Br J Sports Med 34:86-93 doi:10.1136/bjsm.34.2.86
  • Review

Physical activity mediates a healthier body weight in the presence of obesity

  1. Linda S Pescatello1,2,
  2. Jaci L VanHeest1
  1. 1University of Connecticut, Storrs, CT, USA
  2. 2New Britain General Hospital, New Britain, CT, USA
  1. Correspondence to: Dr L S Pescatello, University of Connecticut, School of Allied Health Professions, 359 Mansfield Road, U-2101, Storrs, CT 06269-2101, USA
  • Accepted 5 January 2000

Take home message

A behaviourally based lifestyle physical activity intervention in combination with dietary intervention appears as effective as a structured exercise regimen in promoting physical activity in previously sedentary overweight and obese persons, concomitantly improving their cardiometabolic health profile through a healthier body weight. These findings are encouraging because this approach removes many of the commonly reported barriers to sustained participation in structured exercise training programmes in a group of adults in need of its cardiometabolic health benefits.


In the last decade, the numbers of overweight (body mass index (BMI) >25 kg/m2) and obese (BMI >30 kg/m2) people have substantially increased in Canada, New Zealand, the United Kingdom, the United States, and Western Samoa.1 The prevalence of obesity in the United States has grown from 12.0% in 1991 to 17.9% in 1998.2 Recent reports indicate that overweight and obese adults now comprise the majority of the American population with 54.9% persons reporting a BMI >25 kg/m2. These alarming trends have led to the declaration of a global obesity epidemic.3,4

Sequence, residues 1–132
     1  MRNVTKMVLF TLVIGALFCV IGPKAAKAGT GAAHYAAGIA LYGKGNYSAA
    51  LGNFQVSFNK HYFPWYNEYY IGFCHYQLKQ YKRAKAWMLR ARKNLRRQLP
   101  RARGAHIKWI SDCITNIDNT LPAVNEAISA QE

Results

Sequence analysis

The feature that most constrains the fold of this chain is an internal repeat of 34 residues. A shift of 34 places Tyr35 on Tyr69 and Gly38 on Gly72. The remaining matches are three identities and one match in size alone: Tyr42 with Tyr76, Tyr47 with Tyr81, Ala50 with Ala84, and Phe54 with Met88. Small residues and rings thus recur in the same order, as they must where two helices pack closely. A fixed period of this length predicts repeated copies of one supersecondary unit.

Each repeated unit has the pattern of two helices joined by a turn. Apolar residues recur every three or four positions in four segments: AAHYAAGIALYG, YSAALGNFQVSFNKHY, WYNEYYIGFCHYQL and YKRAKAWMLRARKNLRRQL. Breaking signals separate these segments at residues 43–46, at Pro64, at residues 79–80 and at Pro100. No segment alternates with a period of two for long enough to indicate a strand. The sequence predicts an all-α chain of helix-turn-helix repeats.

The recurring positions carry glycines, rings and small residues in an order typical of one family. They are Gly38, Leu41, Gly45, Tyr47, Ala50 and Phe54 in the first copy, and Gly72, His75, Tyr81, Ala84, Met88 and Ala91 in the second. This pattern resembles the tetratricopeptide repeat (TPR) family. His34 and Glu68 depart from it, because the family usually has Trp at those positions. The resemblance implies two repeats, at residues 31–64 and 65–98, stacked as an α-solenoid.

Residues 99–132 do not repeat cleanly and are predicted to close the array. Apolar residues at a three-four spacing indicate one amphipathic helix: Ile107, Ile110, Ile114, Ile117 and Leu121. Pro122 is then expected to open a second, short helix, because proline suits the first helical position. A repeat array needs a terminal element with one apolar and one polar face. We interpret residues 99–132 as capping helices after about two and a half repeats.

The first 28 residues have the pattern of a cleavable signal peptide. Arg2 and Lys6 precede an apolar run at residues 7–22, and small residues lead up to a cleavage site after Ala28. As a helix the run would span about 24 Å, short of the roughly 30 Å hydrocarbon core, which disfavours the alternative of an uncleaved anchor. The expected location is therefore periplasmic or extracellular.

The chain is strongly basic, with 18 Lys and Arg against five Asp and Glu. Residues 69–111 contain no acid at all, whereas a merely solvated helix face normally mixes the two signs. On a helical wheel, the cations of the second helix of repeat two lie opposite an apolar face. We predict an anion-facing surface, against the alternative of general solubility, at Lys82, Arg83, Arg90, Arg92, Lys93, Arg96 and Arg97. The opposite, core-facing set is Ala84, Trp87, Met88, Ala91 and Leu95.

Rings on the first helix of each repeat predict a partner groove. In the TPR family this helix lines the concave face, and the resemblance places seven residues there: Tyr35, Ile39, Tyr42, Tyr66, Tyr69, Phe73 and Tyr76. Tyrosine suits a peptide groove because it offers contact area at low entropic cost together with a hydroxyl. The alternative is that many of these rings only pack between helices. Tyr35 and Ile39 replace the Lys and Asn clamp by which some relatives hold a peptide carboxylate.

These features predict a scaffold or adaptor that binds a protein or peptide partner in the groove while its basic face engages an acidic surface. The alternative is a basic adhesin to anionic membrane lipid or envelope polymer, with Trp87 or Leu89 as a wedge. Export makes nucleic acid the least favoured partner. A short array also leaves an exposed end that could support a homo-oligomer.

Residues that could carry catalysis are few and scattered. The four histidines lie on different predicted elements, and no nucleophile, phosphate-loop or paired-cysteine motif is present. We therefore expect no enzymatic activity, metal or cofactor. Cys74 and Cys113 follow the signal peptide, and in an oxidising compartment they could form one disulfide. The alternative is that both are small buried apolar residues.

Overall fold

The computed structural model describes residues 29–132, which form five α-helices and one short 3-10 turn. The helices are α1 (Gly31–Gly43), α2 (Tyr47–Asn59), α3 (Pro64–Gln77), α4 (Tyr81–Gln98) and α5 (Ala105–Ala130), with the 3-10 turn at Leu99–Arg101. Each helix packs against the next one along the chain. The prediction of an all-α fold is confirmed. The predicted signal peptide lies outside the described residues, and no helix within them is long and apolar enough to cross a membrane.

Overweight and obesity have become so common that they are replacing the more traditional health problems of undernutrition and infectious diseases as significant causes of poor health world wide.3 Excess weight is associated with numerous diseases and conditions including cardiovascular disease, Type 2 diabetes mellitus, hypertension, dyslipidaemia, osteoarthritis, sleep apnoea, gallbladder disease, infertility, and some cancers.5 The direct and indirect costs of obesity are considerable, with the associated expenses representing 7% of the national health care budget in the United States, 7% in the Netherlands, 4% in France, and 2% in Australia.6 Clearly, overnutrition is a serious health hazard world wide with significant financial expense.

Our genetic pool has not been altered dramatically over the past 10 years. Consequently, …